By Joe Posnanski, Cofounder of Passions in America
One of the joys of my life has been reading books to our daughters. They’re too old now, which hurts. There is nothing that fully replaces that experience, nothing that can quite connect us in the same way. And of all the reading experiences through the years — the Dr. Seuss books, the Harry Potters, the If You Give a Mouse a Cookie, Harry Maclary from Donaldson's Dairy, Goodnight Moon, Giraffes Can’t Dance experiences — the best of all was when I read The Princess Bride to our oldest.
(The youngest would sneak in and listen, too).
William Goldman was known mostly for being a brilliant screenwriter. He won Academy Awards for “Butch Cassidy and the Sundance Kid” and “All The Presidents Men,” and he also wrote Marathon Man, Misery, Heat and so on. He wrote all genres, across the board, horror and comedy and drama and some mix of them all. He also wrote the movie “Princess Bride,” which I contend is in its own way the most perfect movie ever made. It is, in its own way, the most perfect movie ever made because I literally have never met anyone who doesn’t love it.
The book is less well-known but breathtaking in its wonder. To read “Princess Bride” to a young girl — I suppose Elizabeth was 9 or 10 — is to introduce the sheer joy of storytelling into her life.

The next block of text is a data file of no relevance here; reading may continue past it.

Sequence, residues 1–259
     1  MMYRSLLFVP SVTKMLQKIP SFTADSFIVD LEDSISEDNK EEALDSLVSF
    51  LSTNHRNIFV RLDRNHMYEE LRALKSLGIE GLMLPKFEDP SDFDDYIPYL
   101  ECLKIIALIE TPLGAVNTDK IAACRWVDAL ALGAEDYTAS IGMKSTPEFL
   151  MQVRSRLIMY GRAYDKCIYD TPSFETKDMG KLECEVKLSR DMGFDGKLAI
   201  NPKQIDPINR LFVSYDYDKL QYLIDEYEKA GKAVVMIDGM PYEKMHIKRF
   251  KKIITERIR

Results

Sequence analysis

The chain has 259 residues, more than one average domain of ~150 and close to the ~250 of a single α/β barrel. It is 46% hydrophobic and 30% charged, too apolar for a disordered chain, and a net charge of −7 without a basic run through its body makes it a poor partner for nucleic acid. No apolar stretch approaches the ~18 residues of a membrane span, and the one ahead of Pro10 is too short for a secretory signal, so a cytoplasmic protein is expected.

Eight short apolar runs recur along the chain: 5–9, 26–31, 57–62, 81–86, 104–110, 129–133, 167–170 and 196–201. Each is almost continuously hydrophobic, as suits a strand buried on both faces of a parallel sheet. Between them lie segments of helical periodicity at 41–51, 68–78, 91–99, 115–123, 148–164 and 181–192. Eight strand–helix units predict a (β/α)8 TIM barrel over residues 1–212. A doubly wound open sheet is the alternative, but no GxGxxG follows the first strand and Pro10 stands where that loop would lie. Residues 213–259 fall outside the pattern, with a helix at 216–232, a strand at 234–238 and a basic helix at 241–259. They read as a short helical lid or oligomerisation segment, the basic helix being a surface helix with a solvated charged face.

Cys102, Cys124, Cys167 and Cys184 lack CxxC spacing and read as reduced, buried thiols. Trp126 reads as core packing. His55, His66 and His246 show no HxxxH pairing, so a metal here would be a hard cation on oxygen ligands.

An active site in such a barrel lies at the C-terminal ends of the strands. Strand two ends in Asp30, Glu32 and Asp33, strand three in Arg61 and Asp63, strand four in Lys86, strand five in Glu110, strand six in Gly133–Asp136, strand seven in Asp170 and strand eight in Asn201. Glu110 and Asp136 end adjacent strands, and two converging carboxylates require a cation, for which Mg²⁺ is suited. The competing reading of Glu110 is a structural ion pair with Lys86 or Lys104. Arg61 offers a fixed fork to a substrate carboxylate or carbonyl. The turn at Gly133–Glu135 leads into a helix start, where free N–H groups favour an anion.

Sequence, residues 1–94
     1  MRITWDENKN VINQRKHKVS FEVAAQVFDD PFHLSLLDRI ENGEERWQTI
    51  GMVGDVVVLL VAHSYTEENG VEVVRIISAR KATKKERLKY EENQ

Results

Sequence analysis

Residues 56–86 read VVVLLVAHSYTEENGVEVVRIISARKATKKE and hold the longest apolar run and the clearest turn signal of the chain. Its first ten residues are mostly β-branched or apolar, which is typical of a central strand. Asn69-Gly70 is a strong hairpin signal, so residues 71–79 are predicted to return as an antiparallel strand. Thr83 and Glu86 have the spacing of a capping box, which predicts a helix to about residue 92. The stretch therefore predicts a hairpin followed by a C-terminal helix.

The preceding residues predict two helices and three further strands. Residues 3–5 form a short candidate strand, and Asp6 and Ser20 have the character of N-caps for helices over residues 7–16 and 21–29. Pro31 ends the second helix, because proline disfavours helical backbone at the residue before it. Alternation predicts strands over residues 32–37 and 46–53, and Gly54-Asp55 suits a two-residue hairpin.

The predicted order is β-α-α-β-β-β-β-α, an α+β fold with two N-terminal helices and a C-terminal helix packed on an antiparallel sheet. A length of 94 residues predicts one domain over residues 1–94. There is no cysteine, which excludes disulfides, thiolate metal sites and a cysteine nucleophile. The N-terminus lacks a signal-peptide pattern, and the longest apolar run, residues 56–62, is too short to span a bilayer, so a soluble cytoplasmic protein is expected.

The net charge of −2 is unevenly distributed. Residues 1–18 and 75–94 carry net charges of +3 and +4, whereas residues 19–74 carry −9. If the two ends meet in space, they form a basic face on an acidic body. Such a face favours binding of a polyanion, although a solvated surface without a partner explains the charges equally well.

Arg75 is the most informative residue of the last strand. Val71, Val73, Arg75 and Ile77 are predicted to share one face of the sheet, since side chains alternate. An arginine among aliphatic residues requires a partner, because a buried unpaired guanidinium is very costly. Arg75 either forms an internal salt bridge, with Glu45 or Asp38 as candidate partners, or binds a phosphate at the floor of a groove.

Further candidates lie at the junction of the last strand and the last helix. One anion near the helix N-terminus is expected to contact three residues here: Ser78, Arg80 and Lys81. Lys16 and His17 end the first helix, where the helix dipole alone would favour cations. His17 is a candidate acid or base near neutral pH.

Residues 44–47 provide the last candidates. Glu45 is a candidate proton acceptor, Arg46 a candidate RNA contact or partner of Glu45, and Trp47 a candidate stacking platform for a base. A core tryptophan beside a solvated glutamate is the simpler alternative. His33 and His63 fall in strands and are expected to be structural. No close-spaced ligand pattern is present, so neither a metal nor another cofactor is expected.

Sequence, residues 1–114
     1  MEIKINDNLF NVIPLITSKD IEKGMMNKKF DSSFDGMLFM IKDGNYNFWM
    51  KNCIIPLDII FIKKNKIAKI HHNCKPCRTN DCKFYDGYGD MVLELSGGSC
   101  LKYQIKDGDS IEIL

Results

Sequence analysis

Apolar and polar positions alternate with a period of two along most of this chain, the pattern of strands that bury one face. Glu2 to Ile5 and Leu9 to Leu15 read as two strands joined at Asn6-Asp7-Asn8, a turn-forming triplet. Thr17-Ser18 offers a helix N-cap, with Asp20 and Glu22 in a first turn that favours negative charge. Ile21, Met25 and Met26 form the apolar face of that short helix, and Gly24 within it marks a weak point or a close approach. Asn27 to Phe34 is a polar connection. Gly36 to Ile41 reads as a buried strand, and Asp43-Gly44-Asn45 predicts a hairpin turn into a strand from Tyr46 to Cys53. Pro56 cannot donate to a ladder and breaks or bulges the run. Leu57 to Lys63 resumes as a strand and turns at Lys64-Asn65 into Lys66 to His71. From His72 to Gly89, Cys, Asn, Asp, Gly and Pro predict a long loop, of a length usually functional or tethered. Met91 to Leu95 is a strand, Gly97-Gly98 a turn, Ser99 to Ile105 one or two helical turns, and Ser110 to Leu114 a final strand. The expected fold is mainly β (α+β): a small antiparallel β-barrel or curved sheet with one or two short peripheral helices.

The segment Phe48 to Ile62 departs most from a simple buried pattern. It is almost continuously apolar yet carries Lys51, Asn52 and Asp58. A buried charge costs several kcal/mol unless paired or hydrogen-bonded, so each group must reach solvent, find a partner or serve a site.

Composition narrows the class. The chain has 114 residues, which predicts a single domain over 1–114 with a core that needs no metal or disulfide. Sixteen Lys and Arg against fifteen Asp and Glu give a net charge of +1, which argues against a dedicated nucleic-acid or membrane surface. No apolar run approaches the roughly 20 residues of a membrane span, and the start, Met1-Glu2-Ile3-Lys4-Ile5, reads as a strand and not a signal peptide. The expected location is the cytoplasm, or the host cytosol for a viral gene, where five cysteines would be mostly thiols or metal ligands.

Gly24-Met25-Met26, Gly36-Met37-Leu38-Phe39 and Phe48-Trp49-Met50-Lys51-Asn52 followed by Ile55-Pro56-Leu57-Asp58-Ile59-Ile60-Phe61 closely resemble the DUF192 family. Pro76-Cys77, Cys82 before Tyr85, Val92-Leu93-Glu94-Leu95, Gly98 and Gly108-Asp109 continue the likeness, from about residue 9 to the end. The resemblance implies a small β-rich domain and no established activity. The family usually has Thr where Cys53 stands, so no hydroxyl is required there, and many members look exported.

“The year that Buttercup was born,” it began , “the most beautiful woman in the world was a French scullery maid named Annette.”
That’s how you begin a story.
But in many ways, that’s not the beginning. Goldman wrote a wonderful introduction to the book which started like this, “This is my favorite book in all the world, though I have never read it.”
Now that’s how you REALLY begin a story. The conceit of “The Princess Bride” is that Goldman didn’t write it, that it was actually written by S. Morgenstern and Goldman’s role is simply to guide us through the book. That allows him to tell a story within a story within a story, and it’s so charming and sweet and thrilling that, well, if you have a child, boy or girl, who is old enough to understand but young enough to read to, stop what you’re doing. Read “The Princess Bride” to them.
Or call me. I’ll do it again for nothing.